3
$\begingroup$

I’m training some supervised machine learning algorithm to perform the prediction of a continuous variable.

I’m currently applying a nested cross-validation protocol (inner: LOOCV; outer: LOOCV; sample). It is a pilot and I have only 70 cases at the moment, while a test may come later if the pilot goes well.



I’m looking for a general strategy (aka applicable to any supervized technique, potentially also to an ensamble of them) to construct prediction intervals both for each current outer loop predictions as well as for future predictions of new subjects not included in the current sample.

$\endgroup$
2
$\begingroup$

Yes, there are general strategies available to you based on other resampling techniques. In particular, bootstrapping either the fitted model residuals or cases in the dataset will let you construct prediction intervals. I think it's recommend to bootstrap the residuals rather than cases because there can often be a problem with bias. The procedure for bootstrapping the residuals is outlined in detail for linear models in the answer to this question although it is applicable more widely.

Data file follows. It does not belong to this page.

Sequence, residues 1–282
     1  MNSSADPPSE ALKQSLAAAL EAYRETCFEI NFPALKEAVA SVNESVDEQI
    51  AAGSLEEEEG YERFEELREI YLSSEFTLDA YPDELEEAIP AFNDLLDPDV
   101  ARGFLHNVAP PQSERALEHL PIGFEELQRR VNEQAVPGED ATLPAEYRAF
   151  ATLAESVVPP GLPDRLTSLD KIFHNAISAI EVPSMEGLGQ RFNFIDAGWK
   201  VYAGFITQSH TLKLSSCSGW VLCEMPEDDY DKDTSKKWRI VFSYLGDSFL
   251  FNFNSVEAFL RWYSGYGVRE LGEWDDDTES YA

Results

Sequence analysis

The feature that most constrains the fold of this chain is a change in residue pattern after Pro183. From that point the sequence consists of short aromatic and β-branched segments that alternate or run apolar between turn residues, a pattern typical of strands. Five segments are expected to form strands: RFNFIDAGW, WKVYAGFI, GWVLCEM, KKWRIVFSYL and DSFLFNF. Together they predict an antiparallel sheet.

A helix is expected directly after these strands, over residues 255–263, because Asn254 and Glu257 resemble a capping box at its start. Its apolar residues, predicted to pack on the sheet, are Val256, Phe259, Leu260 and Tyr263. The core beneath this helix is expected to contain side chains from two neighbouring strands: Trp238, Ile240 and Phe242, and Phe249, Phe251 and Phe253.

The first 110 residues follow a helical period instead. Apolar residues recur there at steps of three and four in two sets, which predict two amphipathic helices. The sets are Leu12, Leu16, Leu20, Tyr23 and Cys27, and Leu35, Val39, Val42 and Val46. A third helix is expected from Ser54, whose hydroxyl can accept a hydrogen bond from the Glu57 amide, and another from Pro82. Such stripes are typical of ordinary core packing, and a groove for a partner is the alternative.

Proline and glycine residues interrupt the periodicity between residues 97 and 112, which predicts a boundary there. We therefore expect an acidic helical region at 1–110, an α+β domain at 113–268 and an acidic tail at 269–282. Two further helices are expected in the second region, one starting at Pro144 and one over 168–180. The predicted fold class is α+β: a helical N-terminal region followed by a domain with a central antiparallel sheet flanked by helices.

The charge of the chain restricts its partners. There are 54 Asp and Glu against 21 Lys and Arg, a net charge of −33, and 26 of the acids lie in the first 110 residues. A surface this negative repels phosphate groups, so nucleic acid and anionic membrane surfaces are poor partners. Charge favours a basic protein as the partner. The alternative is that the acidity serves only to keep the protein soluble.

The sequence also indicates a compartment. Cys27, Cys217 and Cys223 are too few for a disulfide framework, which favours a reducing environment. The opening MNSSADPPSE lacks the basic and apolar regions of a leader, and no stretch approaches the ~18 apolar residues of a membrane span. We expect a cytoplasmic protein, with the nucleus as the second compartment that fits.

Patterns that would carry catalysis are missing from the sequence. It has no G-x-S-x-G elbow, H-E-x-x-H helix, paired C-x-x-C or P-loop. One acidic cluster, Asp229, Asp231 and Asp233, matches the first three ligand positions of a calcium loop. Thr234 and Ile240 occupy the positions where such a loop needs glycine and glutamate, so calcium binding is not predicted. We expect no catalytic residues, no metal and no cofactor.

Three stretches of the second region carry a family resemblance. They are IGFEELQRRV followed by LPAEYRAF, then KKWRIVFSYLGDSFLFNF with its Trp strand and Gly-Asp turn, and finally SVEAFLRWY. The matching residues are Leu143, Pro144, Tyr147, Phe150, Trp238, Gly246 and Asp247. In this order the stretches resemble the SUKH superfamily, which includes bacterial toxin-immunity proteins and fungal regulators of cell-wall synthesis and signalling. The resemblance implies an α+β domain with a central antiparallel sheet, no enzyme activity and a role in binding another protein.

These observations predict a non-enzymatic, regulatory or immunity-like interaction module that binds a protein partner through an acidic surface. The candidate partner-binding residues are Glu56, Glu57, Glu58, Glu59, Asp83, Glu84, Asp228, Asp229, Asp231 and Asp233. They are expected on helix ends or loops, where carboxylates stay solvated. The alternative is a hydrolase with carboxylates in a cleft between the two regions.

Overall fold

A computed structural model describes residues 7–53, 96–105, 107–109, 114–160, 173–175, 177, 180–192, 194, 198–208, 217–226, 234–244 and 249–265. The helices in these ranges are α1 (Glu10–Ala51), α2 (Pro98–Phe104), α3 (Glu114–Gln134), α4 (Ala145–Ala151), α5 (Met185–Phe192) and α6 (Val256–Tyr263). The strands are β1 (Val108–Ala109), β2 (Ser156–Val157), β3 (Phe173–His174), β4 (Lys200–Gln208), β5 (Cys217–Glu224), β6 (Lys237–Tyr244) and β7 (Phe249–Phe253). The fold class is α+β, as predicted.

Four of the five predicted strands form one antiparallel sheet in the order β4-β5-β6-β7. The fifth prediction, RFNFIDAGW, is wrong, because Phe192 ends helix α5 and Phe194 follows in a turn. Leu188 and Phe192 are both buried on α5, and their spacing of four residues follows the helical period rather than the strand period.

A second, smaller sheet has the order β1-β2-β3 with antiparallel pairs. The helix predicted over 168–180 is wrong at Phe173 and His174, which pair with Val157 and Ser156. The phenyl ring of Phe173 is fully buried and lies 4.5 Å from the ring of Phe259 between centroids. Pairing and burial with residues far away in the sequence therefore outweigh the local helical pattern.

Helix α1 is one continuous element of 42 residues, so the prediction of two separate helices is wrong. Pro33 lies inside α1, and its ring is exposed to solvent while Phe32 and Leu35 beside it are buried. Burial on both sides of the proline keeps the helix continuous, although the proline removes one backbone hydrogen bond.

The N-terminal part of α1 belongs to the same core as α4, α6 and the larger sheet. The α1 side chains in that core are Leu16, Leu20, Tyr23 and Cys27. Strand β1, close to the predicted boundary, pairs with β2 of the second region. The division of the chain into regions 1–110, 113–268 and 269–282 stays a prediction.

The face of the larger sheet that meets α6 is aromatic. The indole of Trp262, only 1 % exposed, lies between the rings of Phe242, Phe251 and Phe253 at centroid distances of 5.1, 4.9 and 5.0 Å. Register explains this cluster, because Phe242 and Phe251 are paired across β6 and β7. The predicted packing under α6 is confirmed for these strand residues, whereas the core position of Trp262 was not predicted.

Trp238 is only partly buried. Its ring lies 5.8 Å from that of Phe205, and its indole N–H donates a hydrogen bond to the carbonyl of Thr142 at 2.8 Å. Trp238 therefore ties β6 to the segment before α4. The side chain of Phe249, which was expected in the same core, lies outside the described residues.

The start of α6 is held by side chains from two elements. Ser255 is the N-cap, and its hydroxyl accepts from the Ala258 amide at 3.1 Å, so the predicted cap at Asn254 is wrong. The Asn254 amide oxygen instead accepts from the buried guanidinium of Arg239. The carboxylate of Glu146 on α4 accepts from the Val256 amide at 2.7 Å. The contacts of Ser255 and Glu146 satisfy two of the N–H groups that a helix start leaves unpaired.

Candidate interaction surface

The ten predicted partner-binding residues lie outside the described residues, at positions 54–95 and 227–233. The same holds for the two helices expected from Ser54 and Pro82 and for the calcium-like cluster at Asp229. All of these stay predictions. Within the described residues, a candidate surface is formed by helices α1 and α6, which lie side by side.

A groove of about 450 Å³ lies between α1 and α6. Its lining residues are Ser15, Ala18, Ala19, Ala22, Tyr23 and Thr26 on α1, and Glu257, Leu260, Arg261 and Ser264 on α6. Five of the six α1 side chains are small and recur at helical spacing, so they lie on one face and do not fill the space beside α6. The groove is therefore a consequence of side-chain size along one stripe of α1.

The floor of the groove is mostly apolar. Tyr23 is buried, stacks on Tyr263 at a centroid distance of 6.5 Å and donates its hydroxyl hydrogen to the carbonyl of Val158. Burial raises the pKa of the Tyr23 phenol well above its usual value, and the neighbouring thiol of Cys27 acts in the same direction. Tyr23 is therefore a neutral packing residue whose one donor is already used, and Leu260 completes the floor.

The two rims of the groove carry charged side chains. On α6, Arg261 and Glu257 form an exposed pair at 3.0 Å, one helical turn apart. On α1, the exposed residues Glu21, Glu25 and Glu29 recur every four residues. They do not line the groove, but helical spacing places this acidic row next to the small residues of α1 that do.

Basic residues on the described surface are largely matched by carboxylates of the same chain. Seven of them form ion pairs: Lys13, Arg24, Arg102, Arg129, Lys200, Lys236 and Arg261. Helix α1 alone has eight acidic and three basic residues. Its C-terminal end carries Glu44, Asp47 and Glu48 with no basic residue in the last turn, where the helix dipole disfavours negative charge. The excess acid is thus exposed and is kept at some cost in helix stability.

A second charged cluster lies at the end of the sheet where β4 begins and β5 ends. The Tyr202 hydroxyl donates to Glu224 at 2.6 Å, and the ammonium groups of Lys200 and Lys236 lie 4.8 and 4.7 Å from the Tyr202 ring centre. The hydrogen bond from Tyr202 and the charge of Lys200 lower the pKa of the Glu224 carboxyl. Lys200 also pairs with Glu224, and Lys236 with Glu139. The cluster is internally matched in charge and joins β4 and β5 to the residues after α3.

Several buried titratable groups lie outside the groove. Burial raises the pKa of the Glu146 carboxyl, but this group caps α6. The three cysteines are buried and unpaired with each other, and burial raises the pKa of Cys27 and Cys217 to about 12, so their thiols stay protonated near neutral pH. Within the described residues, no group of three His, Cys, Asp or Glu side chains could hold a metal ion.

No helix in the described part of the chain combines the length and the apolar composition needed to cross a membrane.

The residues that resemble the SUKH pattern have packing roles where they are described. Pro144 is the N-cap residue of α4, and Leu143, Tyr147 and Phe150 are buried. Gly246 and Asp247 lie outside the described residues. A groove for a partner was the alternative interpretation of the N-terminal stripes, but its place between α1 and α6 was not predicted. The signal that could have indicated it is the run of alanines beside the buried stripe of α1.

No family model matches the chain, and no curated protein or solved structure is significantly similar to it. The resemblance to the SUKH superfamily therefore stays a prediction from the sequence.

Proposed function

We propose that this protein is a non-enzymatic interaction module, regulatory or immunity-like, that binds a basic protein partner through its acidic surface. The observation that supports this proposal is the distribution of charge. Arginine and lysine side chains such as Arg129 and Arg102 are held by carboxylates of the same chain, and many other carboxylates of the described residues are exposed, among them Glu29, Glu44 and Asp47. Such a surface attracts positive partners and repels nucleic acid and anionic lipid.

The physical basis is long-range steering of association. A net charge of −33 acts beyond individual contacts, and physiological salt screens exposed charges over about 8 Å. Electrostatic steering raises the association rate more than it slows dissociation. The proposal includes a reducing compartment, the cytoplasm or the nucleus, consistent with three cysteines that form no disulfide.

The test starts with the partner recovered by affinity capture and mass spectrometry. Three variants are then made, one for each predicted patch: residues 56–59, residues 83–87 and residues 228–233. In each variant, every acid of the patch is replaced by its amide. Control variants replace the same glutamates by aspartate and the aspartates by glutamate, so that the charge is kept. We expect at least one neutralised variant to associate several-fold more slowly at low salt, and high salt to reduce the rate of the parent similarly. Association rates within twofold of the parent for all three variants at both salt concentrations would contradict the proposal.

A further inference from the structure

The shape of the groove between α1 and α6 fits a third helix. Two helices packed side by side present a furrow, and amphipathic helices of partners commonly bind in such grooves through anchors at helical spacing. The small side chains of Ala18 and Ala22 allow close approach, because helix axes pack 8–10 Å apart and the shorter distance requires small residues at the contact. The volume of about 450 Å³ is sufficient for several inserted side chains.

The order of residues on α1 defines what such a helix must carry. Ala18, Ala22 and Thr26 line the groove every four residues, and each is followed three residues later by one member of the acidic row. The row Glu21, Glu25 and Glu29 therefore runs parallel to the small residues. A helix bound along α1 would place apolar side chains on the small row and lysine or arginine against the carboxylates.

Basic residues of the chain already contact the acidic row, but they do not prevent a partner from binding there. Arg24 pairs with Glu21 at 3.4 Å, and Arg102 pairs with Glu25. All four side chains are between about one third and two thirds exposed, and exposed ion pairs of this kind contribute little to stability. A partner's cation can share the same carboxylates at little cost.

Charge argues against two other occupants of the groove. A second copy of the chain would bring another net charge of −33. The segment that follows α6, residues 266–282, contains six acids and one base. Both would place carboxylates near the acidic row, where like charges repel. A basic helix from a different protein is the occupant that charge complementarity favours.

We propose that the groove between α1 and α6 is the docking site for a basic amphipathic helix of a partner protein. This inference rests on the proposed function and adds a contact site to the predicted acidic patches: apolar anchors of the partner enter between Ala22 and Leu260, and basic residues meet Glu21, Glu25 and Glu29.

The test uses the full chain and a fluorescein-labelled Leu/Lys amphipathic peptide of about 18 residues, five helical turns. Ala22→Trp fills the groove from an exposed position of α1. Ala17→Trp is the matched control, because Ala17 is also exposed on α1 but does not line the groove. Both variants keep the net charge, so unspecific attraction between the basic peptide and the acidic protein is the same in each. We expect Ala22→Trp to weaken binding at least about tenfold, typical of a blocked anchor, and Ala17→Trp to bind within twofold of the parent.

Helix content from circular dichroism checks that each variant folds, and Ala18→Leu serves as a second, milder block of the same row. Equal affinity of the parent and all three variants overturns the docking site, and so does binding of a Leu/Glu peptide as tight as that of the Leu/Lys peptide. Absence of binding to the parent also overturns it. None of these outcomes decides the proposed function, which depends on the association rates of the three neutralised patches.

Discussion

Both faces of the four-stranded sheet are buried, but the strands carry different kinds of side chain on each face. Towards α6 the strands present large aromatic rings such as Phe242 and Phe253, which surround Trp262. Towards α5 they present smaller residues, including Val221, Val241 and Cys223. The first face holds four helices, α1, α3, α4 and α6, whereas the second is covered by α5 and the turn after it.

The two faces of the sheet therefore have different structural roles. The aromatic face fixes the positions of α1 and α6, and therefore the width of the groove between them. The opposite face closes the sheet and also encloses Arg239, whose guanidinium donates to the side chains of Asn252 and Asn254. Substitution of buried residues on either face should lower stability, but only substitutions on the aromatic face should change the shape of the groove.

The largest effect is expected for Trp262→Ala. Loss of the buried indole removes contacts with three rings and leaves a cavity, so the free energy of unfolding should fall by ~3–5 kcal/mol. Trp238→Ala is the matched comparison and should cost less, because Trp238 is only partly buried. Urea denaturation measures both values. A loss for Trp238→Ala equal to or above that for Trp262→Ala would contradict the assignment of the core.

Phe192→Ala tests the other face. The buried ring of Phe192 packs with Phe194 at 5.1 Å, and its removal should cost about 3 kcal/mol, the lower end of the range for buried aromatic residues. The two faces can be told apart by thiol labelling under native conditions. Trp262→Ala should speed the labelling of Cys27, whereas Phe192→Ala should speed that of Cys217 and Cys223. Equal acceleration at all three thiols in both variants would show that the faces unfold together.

In the general regression case, problem formulation is assumed to be something like this $$ Y = \mu ( X ) + e, $$ where $\mu$ is some arbitrary (but preferably smooth) transformation of the data and $e$ is some independent noise term. Doing the model based resampling, you start with $$ y_j^* = \hat{\mu}(x_j) + e^*_j $$
where $\hat{\mu}(x_j )$ is your fitted model values. Then you can calculate the residuals from the fitted model $y_j - \hat{\mu}(x_j)$. By appropriately modifying these residuals you can then sample errors $e^*_j$ to generate your prediction interval. Note this procedure is naive, and the estimates of the residuals will likely be biased from the assumed functional form of $\mu$. This is discussed in more detail and more thoughtfully in Section 7.6 of Davidson and Hinckley (1997), Bootstrap Methods and Their Application.

$\endgroup$
  • $\begingroup$ Thank you @MachineEpsilon ! The procedure for (unregularized) linear models was very clearly explained in the answer you pointed me to, but I'm not fully sure that it may/I don't fully understand how it can be translated to other techniques $\endgroup$ – Massimiliano Grassi Feb 24 '18 at 11:31
  • $\begingroup$ That's fair. I will try to elaborate on what I suggested. $\endgroup$ – MachineEpsilon Feb 25 '18 at 7:33

Your Answer

By clicking “Post Your Answer”, you agree to our terms of service, privacy policy and cookie policy

Not the answer you're looking for? Browse other questions tagged or ask your own question.